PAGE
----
Public Release: 

Can treatment for depression after a heart attack reduce the long-term risk of another cardiac event


Bottom Line: Depression has been associated with poorer medical outcomes for patients with acute coronary syndrome (ACS), including heart attack and unstable angina. This randomized clinical trial of 300 patients in South Korea examined whether antidepressant treatment after ACS improved long-term cardiac outcomes. Patients received either the antidepressant escitalopram or placebo for 24 weeks. After about eight years of follow-up, the antidepressant escitalopram resulted in a lower occurrence of major adverse cardiac events than placebo (40.9 percent vs. 53.6 percent).

Authors: Jae-Min Kim, M.D., Ph.D., Chonnam National University Medical School, Gwangju, Republic of Korea, and co-authors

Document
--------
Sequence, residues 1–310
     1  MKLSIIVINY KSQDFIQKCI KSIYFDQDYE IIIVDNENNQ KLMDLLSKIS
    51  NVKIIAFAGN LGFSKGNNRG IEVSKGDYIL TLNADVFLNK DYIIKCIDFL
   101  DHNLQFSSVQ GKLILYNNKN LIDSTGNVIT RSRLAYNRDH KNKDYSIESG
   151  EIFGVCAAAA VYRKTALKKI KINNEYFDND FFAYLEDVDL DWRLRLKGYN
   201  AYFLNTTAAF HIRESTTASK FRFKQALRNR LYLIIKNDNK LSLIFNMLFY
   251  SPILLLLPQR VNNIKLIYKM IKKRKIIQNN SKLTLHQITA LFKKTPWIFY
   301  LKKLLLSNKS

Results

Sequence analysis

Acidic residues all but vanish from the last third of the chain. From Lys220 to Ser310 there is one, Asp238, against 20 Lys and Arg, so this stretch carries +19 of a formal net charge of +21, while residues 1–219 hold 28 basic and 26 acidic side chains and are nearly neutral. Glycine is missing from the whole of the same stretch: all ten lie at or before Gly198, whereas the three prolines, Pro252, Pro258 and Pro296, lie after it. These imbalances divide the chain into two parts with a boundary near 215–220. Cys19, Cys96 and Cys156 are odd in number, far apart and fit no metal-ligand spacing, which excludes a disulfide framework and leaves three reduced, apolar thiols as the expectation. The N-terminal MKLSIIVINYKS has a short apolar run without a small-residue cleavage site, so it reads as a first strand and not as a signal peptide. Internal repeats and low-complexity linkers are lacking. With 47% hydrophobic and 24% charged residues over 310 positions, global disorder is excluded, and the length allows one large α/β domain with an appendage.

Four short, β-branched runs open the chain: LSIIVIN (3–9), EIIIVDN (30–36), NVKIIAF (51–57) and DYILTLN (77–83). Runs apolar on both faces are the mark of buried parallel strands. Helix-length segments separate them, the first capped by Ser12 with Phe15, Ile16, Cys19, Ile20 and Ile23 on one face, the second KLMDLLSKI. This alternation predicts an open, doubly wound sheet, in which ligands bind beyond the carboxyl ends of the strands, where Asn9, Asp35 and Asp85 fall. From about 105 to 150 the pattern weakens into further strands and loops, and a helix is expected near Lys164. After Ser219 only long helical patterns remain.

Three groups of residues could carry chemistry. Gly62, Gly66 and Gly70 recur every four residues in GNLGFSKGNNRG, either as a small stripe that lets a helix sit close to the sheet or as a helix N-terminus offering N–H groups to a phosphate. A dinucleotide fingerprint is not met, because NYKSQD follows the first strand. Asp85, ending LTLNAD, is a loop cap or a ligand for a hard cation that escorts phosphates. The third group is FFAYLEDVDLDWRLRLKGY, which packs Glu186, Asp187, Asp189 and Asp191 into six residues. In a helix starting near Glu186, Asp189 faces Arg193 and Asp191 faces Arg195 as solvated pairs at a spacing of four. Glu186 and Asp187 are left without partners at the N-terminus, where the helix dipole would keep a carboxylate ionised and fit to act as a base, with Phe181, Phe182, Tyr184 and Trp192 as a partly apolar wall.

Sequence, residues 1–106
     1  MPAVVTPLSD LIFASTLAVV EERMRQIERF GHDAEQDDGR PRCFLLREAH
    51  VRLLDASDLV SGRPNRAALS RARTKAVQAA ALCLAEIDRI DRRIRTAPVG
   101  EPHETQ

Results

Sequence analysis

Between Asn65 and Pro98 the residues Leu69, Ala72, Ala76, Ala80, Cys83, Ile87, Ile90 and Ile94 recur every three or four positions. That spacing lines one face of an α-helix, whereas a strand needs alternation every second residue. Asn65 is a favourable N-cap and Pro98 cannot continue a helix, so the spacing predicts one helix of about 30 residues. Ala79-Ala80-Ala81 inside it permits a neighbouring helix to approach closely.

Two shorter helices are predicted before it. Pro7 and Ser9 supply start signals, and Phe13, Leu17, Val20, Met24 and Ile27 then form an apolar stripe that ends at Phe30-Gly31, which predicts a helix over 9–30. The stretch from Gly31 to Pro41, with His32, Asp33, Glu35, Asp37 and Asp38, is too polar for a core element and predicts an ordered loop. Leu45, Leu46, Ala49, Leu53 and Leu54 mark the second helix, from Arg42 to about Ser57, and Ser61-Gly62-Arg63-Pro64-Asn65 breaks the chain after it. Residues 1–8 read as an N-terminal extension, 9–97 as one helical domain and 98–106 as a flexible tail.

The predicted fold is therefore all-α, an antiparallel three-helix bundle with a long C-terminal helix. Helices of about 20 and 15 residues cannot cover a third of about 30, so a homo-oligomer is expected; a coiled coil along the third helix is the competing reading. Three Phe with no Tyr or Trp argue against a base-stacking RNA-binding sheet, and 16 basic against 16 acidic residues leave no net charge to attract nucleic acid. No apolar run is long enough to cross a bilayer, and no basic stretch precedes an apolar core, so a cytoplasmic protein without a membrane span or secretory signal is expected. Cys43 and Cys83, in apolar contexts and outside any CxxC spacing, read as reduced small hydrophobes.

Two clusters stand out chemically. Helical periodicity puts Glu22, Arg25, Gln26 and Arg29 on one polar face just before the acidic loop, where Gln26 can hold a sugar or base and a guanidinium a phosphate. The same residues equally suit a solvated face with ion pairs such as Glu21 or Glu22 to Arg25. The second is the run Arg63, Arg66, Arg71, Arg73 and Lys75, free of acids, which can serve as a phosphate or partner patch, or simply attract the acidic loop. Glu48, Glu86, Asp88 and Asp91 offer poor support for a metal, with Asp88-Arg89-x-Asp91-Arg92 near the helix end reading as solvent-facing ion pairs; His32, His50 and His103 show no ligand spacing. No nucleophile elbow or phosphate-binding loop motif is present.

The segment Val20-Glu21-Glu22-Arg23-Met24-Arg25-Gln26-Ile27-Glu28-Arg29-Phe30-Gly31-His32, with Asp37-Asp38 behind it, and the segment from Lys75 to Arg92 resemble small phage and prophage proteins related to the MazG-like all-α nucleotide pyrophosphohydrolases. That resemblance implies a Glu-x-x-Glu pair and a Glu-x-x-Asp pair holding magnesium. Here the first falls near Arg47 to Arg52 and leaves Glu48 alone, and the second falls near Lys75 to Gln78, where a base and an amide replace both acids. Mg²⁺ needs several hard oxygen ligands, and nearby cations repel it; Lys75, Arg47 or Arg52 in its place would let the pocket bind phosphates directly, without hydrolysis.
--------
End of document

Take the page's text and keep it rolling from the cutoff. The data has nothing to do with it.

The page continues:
Visual Abstract: This is the link to the abstract when the embargo lifts.

To Learn More: The full study is available on the For The Media website.


Editor's Note: Please see the article for additional information, including other authors, author contributions and affiliations, financial disclosures, funding and support, etc.


Want to embed a link to this study in your story? Link will be live at the embargo time:

Disclaimer: AAAS and EurekAlert! are not responsible for the accuracy of news releases posted to EurekAlert! by contributing institutions or for the use of any information through the EurekAlert system.